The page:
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SLO County health officer asks people to stick to 'social bubble' to slow virus spread

Posted at 10:40 AM, Sep 01, 2020

San Luis Obispo County health officer Dr. Penny Borenstein gave the County Board of Supervisors and residents an update on coronavirus in the area Tuesday morning.

As of Monday afternoon, SLO County was nearing 3,000 confirmed cases of COVID-19. The total increased by nearly 100 over the weekend.

Dr. Borenstein said the increase is consistent with the ongoing trend of 30+ new cases per day.

She told the supervisors there would need to be fewer than 20 new cases per day over an extended period before SLO County would be approved to lift more restrictions.

Dr. Borenstein also addressed the reduction in the COVID-19 death toll in SLO County which was revised to 20 Monday afternoon. She clarified that if someone died in a car crash and happened to have COVID-19, that person's death could not be counted in the coronavirus death toll. However, if someone with cancer contracted COVID-19 and died shortly thereafter, their death certificate would list COVID-19 as a contributing factor to death.

The CDC recently released a statistic showing only six percent of COVID-19 deaths were caused by the virus alone. The information has been widely circulated online with some people accusing the media of reporting false and inflated death tolls.

Dr. Borenstein called it a "mischaracterization of data" and said the remaining 94 percent are patients who died of coronavirus had at least one comorbidity or underlying health condition that may have been a contributing factor to their death.

She reiterated that SLO County residents must continue to wear masks in public, maintain distance, stay home when sick, sanitize and wash hands in order to drive community transmission rates down.

Dr. Borenstein told the board the majority of new cases stem from situations where people have gathered together.

"If you are going to socialize, do it in very modest ways," Borenstein said.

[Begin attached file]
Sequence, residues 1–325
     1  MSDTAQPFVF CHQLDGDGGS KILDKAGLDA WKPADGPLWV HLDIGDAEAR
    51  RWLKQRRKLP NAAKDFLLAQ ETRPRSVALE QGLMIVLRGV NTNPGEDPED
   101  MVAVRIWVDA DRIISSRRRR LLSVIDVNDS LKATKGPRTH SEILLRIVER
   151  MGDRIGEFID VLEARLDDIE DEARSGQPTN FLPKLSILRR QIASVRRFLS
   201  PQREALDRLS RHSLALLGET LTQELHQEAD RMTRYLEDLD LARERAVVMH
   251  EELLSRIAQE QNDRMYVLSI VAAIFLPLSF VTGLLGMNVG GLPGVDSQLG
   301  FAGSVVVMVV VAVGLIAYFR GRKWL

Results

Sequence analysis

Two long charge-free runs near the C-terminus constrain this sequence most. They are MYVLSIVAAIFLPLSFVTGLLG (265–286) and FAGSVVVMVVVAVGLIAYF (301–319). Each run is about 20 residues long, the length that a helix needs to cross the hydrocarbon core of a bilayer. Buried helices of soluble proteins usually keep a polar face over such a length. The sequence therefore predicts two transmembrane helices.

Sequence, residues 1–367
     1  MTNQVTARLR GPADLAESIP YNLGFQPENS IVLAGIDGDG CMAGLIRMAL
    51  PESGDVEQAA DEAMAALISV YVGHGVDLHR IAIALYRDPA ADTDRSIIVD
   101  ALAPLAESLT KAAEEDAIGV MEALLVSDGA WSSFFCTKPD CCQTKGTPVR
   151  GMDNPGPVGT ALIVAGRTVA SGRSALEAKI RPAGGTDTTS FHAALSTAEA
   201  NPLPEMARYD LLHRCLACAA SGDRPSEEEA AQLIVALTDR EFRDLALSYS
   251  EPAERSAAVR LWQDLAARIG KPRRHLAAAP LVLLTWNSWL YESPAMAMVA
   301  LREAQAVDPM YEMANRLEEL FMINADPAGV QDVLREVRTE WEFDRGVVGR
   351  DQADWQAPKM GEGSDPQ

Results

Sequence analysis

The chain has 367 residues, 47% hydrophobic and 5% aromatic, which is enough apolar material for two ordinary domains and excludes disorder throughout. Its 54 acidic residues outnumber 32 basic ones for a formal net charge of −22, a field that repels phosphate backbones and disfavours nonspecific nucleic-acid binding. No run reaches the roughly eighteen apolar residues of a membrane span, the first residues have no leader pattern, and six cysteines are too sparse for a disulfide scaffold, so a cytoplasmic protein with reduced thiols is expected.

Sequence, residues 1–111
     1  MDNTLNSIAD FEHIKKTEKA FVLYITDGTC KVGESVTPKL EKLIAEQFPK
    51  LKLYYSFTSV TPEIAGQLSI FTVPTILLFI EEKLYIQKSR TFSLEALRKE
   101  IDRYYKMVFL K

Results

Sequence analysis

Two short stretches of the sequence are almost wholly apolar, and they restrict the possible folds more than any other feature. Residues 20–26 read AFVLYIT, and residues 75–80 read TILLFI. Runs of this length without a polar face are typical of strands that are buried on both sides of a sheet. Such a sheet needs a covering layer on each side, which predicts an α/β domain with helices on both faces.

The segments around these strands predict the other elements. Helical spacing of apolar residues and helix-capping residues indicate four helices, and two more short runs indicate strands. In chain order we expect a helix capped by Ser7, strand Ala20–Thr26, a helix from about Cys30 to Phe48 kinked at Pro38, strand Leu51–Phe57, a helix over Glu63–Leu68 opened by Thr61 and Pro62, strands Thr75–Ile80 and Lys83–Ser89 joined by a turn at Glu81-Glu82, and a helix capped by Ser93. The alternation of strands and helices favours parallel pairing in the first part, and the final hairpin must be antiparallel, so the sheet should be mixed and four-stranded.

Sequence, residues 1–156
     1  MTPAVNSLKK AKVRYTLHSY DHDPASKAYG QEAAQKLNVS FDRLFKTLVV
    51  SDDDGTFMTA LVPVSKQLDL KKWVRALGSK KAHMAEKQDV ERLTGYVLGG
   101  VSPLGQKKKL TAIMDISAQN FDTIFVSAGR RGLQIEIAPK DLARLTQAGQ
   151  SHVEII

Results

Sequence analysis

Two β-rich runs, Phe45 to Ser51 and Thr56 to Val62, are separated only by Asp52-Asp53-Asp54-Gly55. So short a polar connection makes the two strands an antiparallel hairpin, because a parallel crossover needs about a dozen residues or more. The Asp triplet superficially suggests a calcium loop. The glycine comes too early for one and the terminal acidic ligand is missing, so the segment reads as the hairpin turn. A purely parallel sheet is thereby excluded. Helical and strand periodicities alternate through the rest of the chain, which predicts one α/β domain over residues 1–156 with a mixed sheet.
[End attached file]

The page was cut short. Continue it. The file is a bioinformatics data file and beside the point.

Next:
She said people should stick to a "social bubble" for three weeks, selecting one to two friends that agree not to socialize with anyone else during that time to help ensure everyone stays well. Borenstein said these careful socializing practices will be crucial to reopening schools and businesses.

Dr. Borenstein also talked about the new tier system in California. SLO County is currently in the purple tier meaning the highest level of restrictions is in place. Hypothetically speaking, she said even if the county were to move into the red tier tomorrow, the soonest businesses could reopen would be Sept. 22 and the earliest schools could reopen would be Oct. 6.

Supervisor John Peschong asked Dr. Borenstein about the potential for gyms and fitness centers to resume indoor operation. She said the restrictions must stay in place currently due to the high likelihood of transmission in those settings. Health officials say when San Luis Obispo County moves into the red tier, the max capacity for indoor fitness operations would be 10 percent. Once in the orange tier, it would move to 25 percent and then 50 percent in the yellow tier.

*This article has been edited to correctly reflect Dr. Borenstein's statement that a "social bubble" should include one to two friends versus two to three friends as originally reported. It also corrects that Supervisor John Peschong asked Dr. Borenstein the question regarding gyms rather than Supervisor Gibson.
In addition, the article includes corrected information issued by the San Luis Obispo County Public Health Department regarding the reopening of fitness centers.